Judge wants fresh start for once ‘irredeemable’ girl

Fred M. Mester

More than 20 years ago, I sentenced a teenaged girl to life in prison without the possibility of parole.

Jennifer Pruitt was just 15 when she was present — but in another room — when a friend 10 years her senior stabbed a 75-year-old man to death during a robbery. A jury found Jennifer guilty of second-degree murder and, under the state’s sentencing guidelines, I was mandated to sentence her to life in prison without the possibility of parole. In the years since, Jennifer has grown into a remarkable woman, and I think she deserves an opportunity to demonstrate that she is prepared to re-enter society.

The recent U.S. Supreme Court ruling in Montgomery v. Louisiana should provide that opportunity. Montgomery made retroactive the 2012 Miller v. Alabama decision, which found that it is unconstitutional to impose a mandatory life-without-parole sentence for a crime committed by a person younger than 18. Justice Anthony Kennedy, writing for the 6-3 majority, also said that it is appropriate to sentence children to life without parole only when they may be found to be “permanently incorrigible,” ushering in a major change in our criminal jurisprudence,

In many ways, this is a return to what existed in the past. In the 1950s and 1960s, our sentencing practices were predicated upon the idea that harsh mandatory sentences served no valid purpose. This changed in the 1970s and 1980s, as it became easier for prosecutors to try children as adults, and legislatively approved mandatory sentences and sentencing guidelines took center stage. The early 1990s brought the rise of the “superpredator theory,” which predicted a coming wave of juvenile crime that would terrorize citizens. This crime wave never materialized, the theory has been debunked by its originator, and our juvenile crime rates have dropped to historic lows. But its impact continues.

As a result of these changes, judges lost much of their sentencing discretion. Our opportunity to evaluate each defendant as an individual became significantly limited, as in many instances, the sentencing was set by those who knew little of the actions which preceded each crime, the relevant factors unique to each individual, or their capacity for growth and change. As a result, hundreds and thousands of juveniles were sentenced to mandatory life imprisonment, without the possibility of parole.

Miller began the process of returning us to individual justice and rehabilitation. The court reasoned that children have a lack of maturity and an underdeveloped sense of responsibility, are more vulnerable to negative influences and outside pressures, and are unable to extricate themselves from horrific, crime-producing settings. The court found that the characters of children are not as well formed as an adult, meaning they are uniquely capable of reform.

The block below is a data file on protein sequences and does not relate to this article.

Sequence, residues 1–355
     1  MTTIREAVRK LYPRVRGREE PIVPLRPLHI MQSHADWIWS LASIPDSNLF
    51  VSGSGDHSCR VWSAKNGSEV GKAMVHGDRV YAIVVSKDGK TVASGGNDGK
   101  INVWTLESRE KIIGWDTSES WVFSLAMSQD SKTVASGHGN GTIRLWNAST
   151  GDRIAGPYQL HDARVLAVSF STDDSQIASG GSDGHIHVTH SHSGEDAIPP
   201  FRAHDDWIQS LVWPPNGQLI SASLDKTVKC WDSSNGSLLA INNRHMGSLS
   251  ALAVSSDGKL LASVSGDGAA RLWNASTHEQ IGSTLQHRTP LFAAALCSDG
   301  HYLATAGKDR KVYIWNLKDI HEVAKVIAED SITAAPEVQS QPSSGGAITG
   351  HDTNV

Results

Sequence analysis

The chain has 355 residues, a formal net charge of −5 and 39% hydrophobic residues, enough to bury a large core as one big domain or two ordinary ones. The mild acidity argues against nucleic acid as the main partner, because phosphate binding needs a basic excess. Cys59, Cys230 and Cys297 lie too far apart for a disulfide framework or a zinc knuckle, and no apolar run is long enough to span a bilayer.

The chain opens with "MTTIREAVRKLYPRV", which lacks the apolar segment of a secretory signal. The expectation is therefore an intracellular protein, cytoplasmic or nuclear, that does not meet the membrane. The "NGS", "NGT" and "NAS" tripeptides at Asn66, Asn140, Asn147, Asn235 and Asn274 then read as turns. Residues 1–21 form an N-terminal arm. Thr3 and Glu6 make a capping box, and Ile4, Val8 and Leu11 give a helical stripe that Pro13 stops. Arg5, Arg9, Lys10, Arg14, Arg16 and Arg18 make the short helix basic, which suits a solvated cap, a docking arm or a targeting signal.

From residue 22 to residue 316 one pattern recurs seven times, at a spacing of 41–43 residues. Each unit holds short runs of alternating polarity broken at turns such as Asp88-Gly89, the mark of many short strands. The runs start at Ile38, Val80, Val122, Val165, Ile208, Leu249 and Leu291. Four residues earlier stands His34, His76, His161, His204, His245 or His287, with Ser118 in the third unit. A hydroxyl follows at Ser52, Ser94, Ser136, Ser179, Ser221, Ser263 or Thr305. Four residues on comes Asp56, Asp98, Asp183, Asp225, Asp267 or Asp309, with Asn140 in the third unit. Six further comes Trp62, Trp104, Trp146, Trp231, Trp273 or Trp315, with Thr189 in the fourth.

Jennifer is proof of this potential for growth and change. She ran away from home the day before her crime in an effort to escape the abuse she was experiencing there. She ended up at her older friend’s home.

The woman told Jennifer she needed money and fast. Jennifer said she knew who had some, so they went to down the street to the home of a 75-year-old man. The woman sent Jennifer into the man’s bedroom to search for his wallet.

When she returned to the living room, Jennifer saw her friend stabbing the old man with a kitchen knife. They later went back to her friend’s house, and when she fell asleep, Jennifer ran out, knocked on the door of a stranger and called police.

Jennifer was tried as an adult on a charge of felony murder. In Michigan, that carried a mandatory sentence of life without the possibility of parole. Jennifer has now been incarcerated for more than two decades.

At 40, Jennifer is not the same girl she was when she appeared in my courtroom all those years ago. Shortly after she was incarcerated, she was raped by a member of the Michigan Department of Corrections. She became the primary witness in a class-action lawsuit brought against the Michigan Department of Corrections. She later developed confidence in herself; she finished her schooling and began to tutor prisoners in reading and writing. Because of her maturity, prison administrators began to call on her to do suicide watches over her fellow prisoners.

Jennifer was once considered irredeemable. Now I, the same judge who said she would die in prison, believe she deserves an opportunity to demonstrate her change before a proper parole or resentencing entity. She proves that we can never predict who a child will become as an adult and that we are all more than the worst thing that we have ever done.

Fred M. Mester is a retired Oakland County Circuit judge.